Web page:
Young Egyptian filmmaker who mocked Sissi dies in jail

Shady Habash, 24, was arrested in 2018 for ‘spreading fake news’ after directing a music video critical of the Egyptian leader

Illustrative: Egyptian soldiers peer out of a police vehicle to watch released detainees outside Tora prison in Cairo, Egypt, Nov.18, 2016. (AP/Amr Nabiln)
Illustrative: Egyptian soldiers peer out of a police vehicle to watch released detainees outside Tora prison in Cairo, Egypt, Nov.18, 2016. (AP/Amr Nabiln)

BEIRUT, Lebanon — A young Egyptian filmmaker imprisoned for directing a music video critical of President Abdel Fattah el-Sissi has died in a Cairo jail, his lawyer said Saturday.

Shady Habash, 24, died in Tora prison, said lawyer Ahmed al-Khawaga, who was unable to give a cause of death.

“His health had been deteriorating for several days…. He was hospitalized, then returned to the prison yesterday evening where he died in the night,” he told AFP, without giving further details.

Habash was detained in March 2018, accused of “spreading fake news” and “belonging to an illegal organization,” according to the prosecution.

He was arrested after having directed the music video for the song “Balaha” by rock singer Ramy Essam.

The song’s lyrics lambast “Balaha” — a name given to Sissi by his detractors in reference to a character in an Egyptian film known for being a notorious liar.

Essam gained popularity during the popular revolt against then-president Hosni Mubarak in early 2011. He has since gone into exile in Sweden.

The video has had more than five million views on YouTube.

The Arabic Network for Human Rights Information (ANHRI) said in a Twitter post that Habash died as a result of “negligence and lack of justice.”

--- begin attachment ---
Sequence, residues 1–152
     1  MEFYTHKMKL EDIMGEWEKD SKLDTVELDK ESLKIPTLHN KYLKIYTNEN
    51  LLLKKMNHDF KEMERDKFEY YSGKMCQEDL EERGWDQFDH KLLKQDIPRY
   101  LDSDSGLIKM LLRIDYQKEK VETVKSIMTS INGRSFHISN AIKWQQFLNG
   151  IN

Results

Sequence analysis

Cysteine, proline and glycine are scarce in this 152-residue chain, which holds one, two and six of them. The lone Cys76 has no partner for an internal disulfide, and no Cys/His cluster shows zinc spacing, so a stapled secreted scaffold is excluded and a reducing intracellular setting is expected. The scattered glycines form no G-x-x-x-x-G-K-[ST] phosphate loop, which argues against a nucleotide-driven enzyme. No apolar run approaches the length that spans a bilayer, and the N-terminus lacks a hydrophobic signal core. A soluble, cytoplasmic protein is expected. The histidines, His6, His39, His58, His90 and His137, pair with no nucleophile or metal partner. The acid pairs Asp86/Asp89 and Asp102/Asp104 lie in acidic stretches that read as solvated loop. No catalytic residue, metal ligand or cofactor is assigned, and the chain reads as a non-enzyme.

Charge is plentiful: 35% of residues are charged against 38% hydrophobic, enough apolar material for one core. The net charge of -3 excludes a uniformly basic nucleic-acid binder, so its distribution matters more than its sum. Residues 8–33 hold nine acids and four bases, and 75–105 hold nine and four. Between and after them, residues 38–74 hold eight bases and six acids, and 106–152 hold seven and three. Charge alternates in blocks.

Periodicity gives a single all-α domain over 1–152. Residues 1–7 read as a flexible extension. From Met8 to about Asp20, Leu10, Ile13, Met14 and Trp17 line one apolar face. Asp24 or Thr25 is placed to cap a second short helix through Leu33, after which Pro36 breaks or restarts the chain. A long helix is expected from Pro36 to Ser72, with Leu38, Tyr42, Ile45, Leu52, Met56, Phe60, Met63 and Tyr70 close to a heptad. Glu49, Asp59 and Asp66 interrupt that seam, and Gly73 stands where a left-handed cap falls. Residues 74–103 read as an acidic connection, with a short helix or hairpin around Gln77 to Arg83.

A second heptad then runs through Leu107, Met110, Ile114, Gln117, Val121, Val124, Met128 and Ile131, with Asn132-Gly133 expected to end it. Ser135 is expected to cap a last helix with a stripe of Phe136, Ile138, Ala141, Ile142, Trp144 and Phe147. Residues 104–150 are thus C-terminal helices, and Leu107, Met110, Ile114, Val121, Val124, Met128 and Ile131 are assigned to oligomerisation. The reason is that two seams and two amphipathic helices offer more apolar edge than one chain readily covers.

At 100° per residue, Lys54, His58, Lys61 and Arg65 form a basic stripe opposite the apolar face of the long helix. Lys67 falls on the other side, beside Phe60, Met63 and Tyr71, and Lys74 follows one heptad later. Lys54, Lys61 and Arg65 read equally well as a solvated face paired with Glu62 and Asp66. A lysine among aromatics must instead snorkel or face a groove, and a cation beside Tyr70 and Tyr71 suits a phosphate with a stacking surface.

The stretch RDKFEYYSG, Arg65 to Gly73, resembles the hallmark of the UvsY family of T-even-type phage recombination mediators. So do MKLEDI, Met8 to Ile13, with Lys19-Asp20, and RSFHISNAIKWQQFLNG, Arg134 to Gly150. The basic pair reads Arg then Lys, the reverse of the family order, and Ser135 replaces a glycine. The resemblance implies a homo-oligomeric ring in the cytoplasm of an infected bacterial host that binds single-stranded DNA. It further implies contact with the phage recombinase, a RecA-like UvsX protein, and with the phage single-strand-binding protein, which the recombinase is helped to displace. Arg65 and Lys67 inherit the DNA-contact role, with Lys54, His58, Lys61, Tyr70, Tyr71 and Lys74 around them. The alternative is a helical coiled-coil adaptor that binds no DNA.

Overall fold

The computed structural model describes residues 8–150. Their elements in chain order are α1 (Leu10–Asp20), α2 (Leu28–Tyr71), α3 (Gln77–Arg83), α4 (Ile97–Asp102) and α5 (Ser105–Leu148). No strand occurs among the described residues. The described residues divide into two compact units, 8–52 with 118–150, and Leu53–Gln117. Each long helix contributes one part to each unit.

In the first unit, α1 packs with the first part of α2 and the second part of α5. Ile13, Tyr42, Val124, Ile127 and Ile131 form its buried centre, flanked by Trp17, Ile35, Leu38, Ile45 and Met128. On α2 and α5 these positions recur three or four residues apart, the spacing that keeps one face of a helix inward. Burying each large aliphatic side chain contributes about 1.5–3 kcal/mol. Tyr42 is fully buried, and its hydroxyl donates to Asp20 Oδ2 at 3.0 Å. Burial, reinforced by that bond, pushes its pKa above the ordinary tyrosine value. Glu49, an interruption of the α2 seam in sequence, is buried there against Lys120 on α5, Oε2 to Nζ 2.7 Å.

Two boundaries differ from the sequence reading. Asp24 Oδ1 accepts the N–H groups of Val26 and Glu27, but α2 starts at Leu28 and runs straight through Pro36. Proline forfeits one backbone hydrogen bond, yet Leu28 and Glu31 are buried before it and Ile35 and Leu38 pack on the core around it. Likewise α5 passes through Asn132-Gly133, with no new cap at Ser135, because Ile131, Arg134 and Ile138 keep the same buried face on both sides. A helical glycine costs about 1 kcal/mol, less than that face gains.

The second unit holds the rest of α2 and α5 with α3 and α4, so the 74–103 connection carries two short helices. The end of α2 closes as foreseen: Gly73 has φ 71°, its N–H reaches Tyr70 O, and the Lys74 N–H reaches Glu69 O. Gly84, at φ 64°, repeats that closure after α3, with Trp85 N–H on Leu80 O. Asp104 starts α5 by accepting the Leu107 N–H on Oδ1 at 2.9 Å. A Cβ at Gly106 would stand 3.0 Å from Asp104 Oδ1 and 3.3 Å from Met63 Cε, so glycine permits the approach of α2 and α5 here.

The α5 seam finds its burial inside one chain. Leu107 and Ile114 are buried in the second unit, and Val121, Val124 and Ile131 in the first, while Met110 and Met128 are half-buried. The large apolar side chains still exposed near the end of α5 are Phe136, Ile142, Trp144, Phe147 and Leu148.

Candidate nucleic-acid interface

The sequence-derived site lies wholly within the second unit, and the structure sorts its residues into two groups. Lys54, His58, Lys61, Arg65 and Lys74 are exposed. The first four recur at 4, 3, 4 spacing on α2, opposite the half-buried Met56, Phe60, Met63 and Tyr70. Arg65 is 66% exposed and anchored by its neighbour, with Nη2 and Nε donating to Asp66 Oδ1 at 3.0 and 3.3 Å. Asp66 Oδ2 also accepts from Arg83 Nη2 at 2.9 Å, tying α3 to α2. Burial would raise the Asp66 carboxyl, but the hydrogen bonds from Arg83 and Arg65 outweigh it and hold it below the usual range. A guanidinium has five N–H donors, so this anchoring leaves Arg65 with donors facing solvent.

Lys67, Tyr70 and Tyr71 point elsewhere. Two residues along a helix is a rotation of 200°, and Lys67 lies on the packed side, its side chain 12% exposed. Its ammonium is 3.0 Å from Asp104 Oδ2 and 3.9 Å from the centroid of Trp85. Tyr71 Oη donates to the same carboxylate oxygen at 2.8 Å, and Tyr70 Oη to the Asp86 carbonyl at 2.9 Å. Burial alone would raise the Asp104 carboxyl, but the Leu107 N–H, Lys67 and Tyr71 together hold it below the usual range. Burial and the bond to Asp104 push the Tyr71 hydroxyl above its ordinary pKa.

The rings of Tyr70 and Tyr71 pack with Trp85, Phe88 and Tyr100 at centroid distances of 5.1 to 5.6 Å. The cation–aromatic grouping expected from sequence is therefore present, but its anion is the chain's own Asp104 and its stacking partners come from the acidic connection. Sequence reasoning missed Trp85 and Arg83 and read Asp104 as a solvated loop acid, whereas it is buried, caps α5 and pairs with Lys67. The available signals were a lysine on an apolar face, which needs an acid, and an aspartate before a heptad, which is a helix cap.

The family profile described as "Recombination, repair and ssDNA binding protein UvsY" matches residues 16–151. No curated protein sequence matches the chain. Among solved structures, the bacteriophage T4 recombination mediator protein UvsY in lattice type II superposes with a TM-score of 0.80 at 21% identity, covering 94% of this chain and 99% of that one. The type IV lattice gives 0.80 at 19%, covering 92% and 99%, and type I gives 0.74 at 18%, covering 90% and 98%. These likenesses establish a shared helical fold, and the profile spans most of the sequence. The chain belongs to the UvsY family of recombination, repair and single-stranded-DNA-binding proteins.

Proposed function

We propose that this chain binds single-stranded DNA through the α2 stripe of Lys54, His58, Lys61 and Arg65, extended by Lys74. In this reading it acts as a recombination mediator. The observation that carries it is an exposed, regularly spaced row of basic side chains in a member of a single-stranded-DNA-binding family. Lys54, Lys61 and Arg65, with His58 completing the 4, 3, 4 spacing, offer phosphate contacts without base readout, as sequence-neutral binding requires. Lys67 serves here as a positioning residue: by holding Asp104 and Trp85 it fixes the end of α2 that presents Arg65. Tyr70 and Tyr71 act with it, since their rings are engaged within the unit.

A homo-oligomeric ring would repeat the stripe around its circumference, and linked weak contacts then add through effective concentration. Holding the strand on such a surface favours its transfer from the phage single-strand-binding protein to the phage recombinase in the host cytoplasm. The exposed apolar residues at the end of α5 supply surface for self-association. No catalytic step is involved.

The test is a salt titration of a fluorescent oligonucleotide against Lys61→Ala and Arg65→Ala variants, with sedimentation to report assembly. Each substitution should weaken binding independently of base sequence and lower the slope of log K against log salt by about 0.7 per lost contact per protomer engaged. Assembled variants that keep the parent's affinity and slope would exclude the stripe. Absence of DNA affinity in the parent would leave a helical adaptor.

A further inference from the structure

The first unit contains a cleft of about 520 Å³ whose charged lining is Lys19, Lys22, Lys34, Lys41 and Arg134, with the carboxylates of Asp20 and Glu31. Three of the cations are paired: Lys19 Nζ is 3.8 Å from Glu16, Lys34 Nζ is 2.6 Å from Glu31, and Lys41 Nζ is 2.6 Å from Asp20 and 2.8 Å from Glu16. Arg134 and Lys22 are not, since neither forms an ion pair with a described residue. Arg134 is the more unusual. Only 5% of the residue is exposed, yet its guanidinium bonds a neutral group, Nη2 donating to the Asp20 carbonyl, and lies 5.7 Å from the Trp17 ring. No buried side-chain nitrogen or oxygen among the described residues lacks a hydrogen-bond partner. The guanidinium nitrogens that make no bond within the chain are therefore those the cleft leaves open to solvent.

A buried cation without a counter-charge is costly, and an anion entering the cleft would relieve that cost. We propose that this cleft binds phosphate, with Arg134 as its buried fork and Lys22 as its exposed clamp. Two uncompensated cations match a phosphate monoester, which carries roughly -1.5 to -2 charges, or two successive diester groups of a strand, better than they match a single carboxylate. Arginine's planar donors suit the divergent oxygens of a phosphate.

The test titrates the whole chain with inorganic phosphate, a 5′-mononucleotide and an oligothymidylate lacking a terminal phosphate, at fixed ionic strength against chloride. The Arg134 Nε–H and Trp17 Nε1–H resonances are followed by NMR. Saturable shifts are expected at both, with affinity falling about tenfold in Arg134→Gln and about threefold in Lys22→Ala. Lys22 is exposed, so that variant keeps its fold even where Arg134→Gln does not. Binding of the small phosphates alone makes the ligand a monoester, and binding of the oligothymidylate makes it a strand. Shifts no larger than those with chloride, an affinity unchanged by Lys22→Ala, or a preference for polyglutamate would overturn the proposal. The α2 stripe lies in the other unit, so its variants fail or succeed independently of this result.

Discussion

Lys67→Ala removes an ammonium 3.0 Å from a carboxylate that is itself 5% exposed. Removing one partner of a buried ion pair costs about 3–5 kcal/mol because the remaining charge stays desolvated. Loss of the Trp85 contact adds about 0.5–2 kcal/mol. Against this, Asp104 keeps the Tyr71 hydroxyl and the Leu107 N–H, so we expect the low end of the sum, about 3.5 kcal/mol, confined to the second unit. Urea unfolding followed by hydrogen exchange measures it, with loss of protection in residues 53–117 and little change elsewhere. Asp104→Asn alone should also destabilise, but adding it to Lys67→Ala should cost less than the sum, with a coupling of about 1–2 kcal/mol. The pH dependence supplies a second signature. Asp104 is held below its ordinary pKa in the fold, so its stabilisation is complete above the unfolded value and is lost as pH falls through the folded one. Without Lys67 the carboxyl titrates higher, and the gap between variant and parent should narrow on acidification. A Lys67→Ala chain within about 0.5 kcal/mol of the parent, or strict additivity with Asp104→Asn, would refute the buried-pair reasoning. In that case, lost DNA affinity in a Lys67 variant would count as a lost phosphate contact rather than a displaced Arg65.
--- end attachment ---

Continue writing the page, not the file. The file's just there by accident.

Human rights groups have regularly highlighted poor prison conditions in Egypt.

In a Thursday statement, PEN America described Habash’s death in custody as “a devastating blow to artistic freedom”.

“With Habash’s death, (Sisi) has sent a disturbing signal to the rest of the world: share views that I disagree with and you might face a de facto death sentence,” said Julie Trebault, director of PEN America’s Artists at Risk program.

Since early March, due to the novel coronavirus pandemic, authorities have suspended visits and the work of the courts, further isolating detainees.

“Due to the measures taken against the coronavirus, no-one has been able to see (Habash)” recently, said Khawaga.

Habash himself warned of his predicament back in October, in a letter posted Saturday on Facebook by activist Ahdaf Soueif.

“It’s not prison that kills, it’s loneliness that kills… I’m dying slowly each day,” he wrote.

Fearing the spread of the virus in overcrowded prisons, human rights defenders have called for the release of political prisoners and detainees awaiting trial.

According to several NGOs, an estimated 60,000 detainees in Egypt are political prisoners, including secular activists, journalists, lawyers, academics and Islamists arrested in an ongoing crackdown against dissent since the military’s 2013 ouster of Islamist president Mohamed Morsi.

On Sunday, Amnesty International released a report accusing Egyptian authorities of turning journalism into a crime.

Amnesty documented 37 cases of journalists detained in the government’s escalating crackdown on press freedoms, many charged with “spreading false news” or “misusing social media” under a broad 2015 counterterrorism law that has expanded the definition of terror to include all kinds of dissent.

Marking World Press Freedom Day, the group urged Egyptian authorities to halt their censorship, harassment and intimidation of journalists — and to release those detained “solely for carrying out their work.”

AP contributed to this report.

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